GeneWatch PR: House of Lords Lets Down Consumers and the Environment

For Immediate Release – 21st January 1999

GeneWatch response to the report of the House of Lords’ Select Committee on the European Communities: ‘EC Regulation of Genetic Modification in Agriculture’.

In a report published today, a House of Lords Select Committee1 has taken the side of the genetic engineering industry against the British consumer. Their report supports the continuation of genetically modified (GM) food labelling regulations which dictate that foods only have to be labelled if there is altered DNA or protein in the final product. Foods containing oil or lecithin from GM soybean or starch from GM maize will therefore not be labelled as the protein is removed during the production process.

"Although the House of Lords Select Committee said that consumers should be able to have a choice about whether they eat GM foods or not, the majority of foods containing GM ingredients will still not be labelled," said Dr Sue Mayer, Director of GeneWatch. "This flies in the face of opinion polls which consistently demonstrate mounting public concern over the safety of GM foods and the demand for more accurate labelling."2

The Select Committee’s report also recommends that the safety of GM crops should be evaluated by comparing them with present day conventional crops which are being grown according to ‘best practice’ principles.

"It is disappointing that such a weak standard is being proposed. Conventional intensive systems, even with so-called ‘best practice’, cause considerable harm. We should be looking for improvements in our environment and agriculture, not accepting the current levels of damage," said Sue Mayer.

GeneWatch does, however, welcome the Committee’s recommendations for formal public consultation on the safety of GM crops and foods and that Member States of the European Community should have the right to ‘opt out’ of growing GM crops if they believe they will be harmful.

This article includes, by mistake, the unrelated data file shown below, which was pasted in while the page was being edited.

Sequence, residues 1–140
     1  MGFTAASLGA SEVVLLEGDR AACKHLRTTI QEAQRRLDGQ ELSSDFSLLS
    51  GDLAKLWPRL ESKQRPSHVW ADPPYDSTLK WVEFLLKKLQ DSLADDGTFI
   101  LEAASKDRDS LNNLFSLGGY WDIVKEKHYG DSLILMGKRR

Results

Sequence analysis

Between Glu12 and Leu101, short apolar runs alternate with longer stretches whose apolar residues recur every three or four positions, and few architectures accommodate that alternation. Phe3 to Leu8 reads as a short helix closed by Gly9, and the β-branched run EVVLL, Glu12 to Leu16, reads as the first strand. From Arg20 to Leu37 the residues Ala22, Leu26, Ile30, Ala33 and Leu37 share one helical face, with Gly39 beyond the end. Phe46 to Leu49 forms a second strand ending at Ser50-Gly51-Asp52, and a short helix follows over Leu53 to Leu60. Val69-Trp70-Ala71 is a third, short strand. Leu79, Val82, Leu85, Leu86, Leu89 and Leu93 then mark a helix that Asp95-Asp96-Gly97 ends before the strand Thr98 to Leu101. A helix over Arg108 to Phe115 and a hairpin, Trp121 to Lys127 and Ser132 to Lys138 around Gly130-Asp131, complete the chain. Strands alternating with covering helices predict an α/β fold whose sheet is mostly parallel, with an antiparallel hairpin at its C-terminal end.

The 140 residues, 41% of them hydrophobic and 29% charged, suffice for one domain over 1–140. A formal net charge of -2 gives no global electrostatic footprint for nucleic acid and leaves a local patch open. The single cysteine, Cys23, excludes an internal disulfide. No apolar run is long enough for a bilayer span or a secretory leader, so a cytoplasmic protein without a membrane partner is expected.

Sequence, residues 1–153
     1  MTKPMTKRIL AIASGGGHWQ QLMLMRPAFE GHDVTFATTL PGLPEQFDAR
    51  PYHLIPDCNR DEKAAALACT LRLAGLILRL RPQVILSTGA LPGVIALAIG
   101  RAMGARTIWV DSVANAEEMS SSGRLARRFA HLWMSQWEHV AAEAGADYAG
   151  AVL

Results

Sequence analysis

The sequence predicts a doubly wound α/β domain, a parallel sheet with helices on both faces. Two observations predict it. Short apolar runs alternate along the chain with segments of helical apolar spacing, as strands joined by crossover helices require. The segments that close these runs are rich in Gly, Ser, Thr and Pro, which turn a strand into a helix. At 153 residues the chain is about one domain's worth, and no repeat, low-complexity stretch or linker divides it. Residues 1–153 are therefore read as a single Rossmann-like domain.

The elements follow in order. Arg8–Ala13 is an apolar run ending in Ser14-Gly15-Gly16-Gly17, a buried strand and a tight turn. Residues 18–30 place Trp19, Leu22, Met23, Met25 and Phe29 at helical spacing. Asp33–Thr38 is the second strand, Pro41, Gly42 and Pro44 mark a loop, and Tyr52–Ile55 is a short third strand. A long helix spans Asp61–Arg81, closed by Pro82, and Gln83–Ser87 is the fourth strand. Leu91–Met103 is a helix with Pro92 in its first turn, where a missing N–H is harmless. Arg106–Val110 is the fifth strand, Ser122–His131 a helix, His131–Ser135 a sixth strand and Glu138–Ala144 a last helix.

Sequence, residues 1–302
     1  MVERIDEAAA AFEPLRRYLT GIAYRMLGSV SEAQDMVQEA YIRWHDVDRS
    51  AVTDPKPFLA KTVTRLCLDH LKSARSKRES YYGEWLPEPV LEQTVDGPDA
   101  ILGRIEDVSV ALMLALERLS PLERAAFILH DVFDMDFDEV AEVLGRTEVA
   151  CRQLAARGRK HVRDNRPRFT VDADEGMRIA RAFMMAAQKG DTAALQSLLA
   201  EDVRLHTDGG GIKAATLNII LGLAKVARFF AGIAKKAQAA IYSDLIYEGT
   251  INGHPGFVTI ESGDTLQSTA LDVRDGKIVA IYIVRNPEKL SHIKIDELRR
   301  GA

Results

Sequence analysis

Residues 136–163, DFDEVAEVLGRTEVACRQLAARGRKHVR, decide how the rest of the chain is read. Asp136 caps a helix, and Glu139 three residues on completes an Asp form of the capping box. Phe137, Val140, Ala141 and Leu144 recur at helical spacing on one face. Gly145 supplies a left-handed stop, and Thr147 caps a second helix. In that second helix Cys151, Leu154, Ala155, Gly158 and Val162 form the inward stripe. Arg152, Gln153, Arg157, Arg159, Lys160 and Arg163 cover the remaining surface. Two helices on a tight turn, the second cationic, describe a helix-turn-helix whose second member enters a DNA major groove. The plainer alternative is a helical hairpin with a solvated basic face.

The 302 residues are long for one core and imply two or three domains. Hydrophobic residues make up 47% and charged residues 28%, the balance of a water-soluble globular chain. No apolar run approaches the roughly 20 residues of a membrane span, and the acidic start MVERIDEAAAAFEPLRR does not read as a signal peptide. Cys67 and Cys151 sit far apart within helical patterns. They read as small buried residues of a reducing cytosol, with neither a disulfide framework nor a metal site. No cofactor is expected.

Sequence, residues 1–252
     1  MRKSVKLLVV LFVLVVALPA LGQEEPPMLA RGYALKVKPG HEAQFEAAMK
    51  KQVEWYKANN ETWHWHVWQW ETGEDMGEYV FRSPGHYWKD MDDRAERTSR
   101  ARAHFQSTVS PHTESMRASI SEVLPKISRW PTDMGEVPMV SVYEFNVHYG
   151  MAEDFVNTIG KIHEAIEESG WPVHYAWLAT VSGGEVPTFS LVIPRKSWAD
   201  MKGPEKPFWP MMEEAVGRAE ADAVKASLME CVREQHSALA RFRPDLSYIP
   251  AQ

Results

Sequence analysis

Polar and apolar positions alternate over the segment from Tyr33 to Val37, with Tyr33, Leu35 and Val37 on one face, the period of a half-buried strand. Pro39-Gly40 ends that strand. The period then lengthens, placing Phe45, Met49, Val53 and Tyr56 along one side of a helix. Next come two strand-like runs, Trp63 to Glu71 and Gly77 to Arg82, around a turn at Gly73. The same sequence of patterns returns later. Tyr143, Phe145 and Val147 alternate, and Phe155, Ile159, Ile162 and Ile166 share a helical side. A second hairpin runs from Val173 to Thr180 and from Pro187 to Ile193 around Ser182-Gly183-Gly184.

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Notes to Editors

  1. House of Lords Select Committee on The European Communities. Sessions 1998-99 2nd Report EC Regulation of Genetic Modification in Agriculture. HL Paper 11-I. London: The Stationery Office.
  2. A summary of three 1998 Opinion Poll Results in the UK is given below:
    • June 1998: GeneWatch/MORI poll
      77% want a ban on the growing of GE crops until their impacts have been more fully assessed.
      73% are concerned that GE crops could interbreed with natural, wild plants and cause genetic pollution.
      61% do not want to eat GE foods (an 8% increase since a similar MORI poll was conducted in December 1996).
      58% oppose the use of genetic engineering in the development of food (a 7% increase on 1996).
    • June 1998: Guardian/ICM poll (The Guardian June 4th 1998 'Gene genie'.)
      50% not very/not at all happy about the introduction of GE food.
      85% think GE crops should be kept separate.
      96% think that GE foods should be clearly labelled.
      95% think ingredients derived from GE foods should be labelled
    • October 1998: Friends of the Earth/NOP poll (FoE Biotech Mailout. Volume 4, Issue 7, 31st October 1998.)
      58% of supermarket customers believe supermarkets should stop selling GE foods.

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